cpf money similar to bond investment

Treating your CPF Special Account and Retirement Account as a Bond Investment

Most Singaporeans consider their money in CPF as untouchable for any purpose other than for paying their housing loan, student loan or medical bills (More on CPF Schemes here). There is one more way to view your CPF money, particularly the money in your Special Account (SA) and Retirement Account (RA). You can view them as part of your investment portfolio – particularly as part of your bond investments.

Special Account & Retirement Account as a Bond

SA and RA share several similar characteristics of a bond.

  1. Consistent and reliable interest payment
    Your money and interest in CPF are guaranteed by the Singapore Government, which is AAA credit-rated.
    There are only a few AAA credit-rated countries left in the world today.
  2. Pays interest
    SA & RA pays interest to you annually while a bond payment period varies.
  3. Long maturity
    You can consider SA & RA as a 40-year maturity bond.
    There are rarely any bonds that have such long maturity.

SA and RA are actually better than a bond in several ways to

  1. SA & RA pays a higher interest rate than a normal bond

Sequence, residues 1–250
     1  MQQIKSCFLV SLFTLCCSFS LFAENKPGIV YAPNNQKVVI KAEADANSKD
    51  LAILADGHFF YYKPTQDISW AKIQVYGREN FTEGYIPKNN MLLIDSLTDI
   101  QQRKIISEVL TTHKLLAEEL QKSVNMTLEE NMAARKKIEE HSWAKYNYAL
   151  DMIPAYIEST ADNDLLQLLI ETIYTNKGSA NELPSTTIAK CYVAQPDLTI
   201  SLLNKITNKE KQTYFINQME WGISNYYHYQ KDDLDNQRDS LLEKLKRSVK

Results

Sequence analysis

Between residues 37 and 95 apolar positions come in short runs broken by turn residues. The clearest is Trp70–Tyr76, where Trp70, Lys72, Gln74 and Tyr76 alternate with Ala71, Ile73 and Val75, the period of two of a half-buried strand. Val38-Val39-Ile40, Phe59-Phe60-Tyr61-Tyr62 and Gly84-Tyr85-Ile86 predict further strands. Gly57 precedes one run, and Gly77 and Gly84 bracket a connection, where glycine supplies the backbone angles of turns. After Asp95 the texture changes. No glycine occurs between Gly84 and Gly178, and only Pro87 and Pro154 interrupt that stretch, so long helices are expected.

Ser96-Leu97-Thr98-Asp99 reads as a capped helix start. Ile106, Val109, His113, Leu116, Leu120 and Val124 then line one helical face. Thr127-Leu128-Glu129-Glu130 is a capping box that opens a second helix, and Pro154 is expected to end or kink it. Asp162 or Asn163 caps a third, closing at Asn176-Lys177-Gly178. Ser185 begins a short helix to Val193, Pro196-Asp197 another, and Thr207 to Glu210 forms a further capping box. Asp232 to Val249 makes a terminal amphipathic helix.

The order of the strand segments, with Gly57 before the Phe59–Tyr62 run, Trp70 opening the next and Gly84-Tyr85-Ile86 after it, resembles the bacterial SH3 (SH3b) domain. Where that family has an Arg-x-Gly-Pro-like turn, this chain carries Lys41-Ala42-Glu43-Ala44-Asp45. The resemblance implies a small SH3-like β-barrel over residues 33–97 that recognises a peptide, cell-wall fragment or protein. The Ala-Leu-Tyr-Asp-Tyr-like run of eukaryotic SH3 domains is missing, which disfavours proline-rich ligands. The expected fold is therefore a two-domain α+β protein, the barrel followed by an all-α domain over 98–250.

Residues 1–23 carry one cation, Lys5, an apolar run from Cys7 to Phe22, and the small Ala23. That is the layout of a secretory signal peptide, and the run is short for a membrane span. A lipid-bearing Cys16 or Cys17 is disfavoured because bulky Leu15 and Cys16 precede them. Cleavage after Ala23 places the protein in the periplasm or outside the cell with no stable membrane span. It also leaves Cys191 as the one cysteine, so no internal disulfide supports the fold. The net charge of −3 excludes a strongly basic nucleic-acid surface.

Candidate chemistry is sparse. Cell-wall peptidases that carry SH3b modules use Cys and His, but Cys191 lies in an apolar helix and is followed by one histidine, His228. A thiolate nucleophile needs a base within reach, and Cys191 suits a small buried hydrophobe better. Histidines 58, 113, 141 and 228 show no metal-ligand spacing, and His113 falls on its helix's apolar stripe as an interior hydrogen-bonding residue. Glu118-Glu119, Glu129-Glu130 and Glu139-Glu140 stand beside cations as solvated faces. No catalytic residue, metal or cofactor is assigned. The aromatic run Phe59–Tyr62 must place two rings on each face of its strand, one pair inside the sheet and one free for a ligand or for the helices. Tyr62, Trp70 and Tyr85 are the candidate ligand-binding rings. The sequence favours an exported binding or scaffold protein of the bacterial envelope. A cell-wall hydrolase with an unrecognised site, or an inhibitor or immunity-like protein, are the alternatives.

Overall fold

A normal AAA bond currently pays less than 2% in interest on average.
    Your SA & RA pays you a minimum 4% interest (excluding the extra 1% on your first $40,000).
  2. Payout is confirmed
    Interest payments are fully backed by the Singapore Government, one of the few remaining AAA credit-rated countries left in the world.
  3. Auto-Reinvest interests back into the Accounts
    You do not need to fret over what else to invest or where to find a higher-paying bond or investment.
    Your returns are automatically reinvested back into the 4%-paying bond.

Of course, there are no free lunches in this world. A higher interest-paying and safer investment definitely come with a drawback: You cannot rebalance or withdraw the money before the age of 55*.


But, if your investment portfolio’s purpose is to ensure that you get a steady stream of income when you reach old age, then the drawback of not being able to touch your money while you are young should not affect you too much.

A standard investment portfolio consists of mainly stocks and bonds. If you consider your CPF money as part of your ‘bond portfolio’, that leaves you with more money to invest in stocks and shares. Stocks have a history of providing better returns over the long-term, this means that you will be able to grow your investment portfolio faster than your peers who are not utilising their CPF as part of their bond portfolio!

*You can withdraw $5,000 at age 55 if you have not met the Full Retirement Sum or you can withdraw money in excess of the Full Retirement Sum if you have met the target.

Read also: CPF Schemes Singaporeans should be aware of